- Series: The March of the Crabs
- Hardcover: 112 pages
- Publisher: Archaia (March 31, 2015)
- Language: English
- ISBN-10: 1608866890
- ISBN-13: 978-1608866892
- Product Dimensions: 6.9 x 0.6 x 10.2 inches
- Shipping Weight: 1.2 pounds (View shipping rates and policies)
- Average Customer Review: 4.0 out of 5 stars See all reviews (4 customer reviews)
- Amazon Best Sellers Rank: #1,458,551 in Books (See Top 100 in Books)
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March of the Crabs Vol. 1 (The March of the Crabs) Hardcover – March 31, 2015
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About the Author
French animator Arthur De Pins first gained notice with his animated short Bed of Roses. De Pins worked with producer Jeremy Rochigneux on Bed of Roses, and teamed up with him again for La Révolution des Crabes, or March of the Crabs. In addition to March of the Crabs he is the author of the comics Zombillenium and Péchés Mignons. His work has appeared in the magazines Max and Fluide Glacial.
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Top Customer Reviews
The story was based on a simple, yet cleverly presented morale. Some environmental additions (a pipeline to be build through the sea, Greenpeace activists and some guys doing a documentary on the crabs) made it more complex, which was not that bad, but personally, I would have preferred a shorter 'pure' story featuring only the crabs. The illustrations were done in a clear but very cartoon-ish way, which was easy on the eyes but is not exactly my favorite style. However, this book definitely sets itself apart from other graphic novels, and not just for its unusual main characters.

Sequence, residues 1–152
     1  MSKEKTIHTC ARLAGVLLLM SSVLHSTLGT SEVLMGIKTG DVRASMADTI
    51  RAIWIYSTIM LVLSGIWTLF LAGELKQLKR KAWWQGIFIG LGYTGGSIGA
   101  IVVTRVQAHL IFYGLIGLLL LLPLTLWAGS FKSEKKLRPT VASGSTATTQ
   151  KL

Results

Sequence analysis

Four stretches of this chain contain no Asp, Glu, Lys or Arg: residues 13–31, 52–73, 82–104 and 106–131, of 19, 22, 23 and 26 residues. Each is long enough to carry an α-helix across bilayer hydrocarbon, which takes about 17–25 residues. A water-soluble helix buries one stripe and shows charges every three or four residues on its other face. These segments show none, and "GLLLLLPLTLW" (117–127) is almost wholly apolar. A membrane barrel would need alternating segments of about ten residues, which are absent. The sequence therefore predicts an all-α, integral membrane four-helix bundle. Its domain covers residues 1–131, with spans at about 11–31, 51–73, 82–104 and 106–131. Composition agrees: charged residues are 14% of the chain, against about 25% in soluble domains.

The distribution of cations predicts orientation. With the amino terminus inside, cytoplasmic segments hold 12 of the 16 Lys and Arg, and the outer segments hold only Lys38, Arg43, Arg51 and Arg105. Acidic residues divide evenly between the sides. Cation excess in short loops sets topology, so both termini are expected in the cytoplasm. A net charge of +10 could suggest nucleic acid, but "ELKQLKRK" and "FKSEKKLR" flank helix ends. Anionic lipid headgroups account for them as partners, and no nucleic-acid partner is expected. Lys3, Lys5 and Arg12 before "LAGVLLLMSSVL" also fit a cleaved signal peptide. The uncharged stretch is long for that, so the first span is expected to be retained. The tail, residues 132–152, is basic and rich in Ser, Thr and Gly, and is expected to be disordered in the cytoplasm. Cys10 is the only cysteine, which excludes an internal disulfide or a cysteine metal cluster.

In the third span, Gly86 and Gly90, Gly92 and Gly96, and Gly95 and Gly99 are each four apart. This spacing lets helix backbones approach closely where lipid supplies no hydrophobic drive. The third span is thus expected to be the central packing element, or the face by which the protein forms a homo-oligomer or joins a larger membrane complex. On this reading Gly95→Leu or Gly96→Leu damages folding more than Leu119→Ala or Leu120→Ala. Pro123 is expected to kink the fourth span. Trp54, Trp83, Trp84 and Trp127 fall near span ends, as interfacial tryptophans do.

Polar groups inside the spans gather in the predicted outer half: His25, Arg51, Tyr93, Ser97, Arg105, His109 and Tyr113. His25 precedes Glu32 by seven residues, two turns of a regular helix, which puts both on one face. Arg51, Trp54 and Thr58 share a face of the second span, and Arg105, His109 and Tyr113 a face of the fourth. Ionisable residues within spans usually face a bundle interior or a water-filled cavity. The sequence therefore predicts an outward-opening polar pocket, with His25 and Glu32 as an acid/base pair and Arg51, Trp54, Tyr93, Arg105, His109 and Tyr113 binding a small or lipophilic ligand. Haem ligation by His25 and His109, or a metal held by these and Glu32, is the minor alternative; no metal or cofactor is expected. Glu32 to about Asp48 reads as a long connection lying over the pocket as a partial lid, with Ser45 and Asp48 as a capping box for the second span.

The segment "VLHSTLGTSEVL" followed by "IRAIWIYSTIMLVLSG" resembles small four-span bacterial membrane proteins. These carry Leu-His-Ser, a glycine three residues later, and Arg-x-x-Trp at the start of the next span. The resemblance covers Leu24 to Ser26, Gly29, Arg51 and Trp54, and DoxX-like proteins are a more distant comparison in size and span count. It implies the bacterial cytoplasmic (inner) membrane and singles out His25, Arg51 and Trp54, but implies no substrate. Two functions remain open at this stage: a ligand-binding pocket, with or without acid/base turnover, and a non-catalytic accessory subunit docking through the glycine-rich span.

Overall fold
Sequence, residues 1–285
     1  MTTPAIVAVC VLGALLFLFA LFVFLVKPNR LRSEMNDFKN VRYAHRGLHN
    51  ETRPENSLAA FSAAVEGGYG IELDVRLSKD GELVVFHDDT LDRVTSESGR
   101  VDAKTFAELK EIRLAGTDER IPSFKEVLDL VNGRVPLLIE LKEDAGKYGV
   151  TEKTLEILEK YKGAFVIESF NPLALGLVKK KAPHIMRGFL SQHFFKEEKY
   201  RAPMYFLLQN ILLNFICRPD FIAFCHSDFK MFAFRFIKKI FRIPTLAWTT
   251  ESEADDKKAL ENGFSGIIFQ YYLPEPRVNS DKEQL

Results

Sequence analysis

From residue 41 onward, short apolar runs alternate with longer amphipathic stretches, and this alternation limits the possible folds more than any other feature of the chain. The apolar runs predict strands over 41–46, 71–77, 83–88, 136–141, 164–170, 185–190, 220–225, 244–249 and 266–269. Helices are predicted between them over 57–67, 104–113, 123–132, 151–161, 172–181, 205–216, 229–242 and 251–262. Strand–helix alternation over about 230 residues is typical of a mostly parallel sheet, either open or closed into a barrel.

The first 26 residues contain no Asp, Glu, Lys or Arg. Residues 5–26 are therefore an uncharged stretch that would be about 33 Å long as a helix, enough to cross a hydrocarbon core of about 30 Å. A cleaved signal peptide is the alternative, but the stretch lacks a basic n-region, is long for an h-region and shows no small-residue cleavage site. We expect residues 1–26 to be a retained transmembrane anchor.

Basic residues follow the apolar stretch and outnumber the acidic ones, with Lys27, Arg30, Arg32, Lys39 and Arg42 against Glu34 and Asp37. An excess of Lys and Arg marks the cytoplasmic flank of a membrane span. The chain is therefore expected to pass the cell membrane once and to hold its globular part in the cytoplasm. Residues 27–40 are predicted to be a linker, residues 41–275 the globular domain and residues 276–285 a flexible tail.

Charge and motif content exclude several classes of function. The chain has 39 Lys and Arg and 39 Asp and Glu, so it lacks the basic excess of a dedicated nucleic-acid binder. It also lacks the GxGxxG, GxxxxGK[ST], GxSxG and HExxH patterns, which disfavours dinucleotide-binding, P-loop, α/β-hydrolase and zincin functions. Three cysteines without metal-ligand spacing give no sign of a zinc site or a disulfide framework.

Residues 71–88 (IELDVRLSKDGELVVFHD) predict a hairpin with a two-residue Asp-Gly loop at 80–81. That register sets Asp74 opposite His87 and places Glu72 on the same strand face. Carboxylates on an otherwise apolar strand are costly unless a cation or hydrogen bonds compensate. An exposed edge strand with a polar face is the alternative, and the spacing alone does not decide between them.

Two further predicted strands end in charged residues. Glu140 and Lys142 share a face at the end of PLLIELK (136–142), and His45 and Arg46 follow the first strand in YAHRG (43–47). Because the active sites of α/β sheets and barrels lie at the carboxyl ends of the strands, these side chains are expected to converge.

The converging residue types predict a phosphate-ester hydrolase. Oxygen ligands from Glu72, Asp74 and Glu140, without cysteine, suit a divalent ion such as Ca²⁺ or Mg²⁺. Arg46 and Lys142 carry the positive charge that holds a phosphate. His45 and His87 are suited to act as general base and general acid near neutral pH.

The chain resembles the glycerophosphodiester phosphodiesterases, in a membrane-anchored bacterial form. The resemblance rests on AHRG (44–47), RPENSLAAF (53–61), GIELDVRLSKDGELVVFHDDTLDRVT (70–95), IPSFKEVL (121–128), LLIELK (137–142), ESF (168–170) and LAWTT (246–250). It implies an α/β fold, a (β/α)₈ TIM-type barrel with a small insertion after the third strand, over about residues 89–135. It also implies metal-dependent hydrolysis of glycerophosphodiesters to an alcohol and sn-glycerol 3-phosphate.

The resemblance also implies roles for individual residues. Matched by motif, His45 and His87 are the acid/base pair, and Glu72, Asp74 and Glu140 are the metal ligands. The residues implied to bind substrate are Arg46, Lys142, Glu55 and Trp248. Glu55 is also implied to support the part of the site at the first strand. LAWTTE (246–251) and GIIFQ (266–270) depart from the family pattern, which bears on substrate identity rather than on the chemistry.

(Thanks to Netgalley, the author, and the publisher for a copy of the book, all opinions are my own)
The story centers around the square crab, who can only walk in a straight line. There lives can cross another crabs as long as that crab is moving in a line that crosses theirs. If they are lucky enough, they find a mate. If they are unlucky, the get stuck between two rocks and spend their lives moving back and forth a few feet at t a time.
There are also humans in this story who capture the crabs in buckets and on film, but the crabs aren't as helpless as they seem.
The original story has been translated into English, and the art looks like it's been adapted from an animated feature, but that's ok. The story works on a few levels. The humor might be a bit risque for younger readers, but there is a pretty good story here as well as some food for thought about the lines our own lives cross.
I received a review copy of this graphic novel from Archaia, Boom! Studios, and NetGalley in exchange for an honest review. Thank you for allowing me to review this graphic novel.
With that said, the artwork is wonderful. It reminds me of art deco illustration that relies on a very narrow palette of blue-greens and orange-browns. Arthur de Pins gives these crustaceans real character, but the story was too thin to keep my interest.
At one point, a nature documentarian wonders who will buy their film on these crabs. It's a slightly meta moment that recognizes this is an unlikely subject for a graphic novel that might be a tough sell for most people.
Recommended for graphic novel fans to skim through in the library.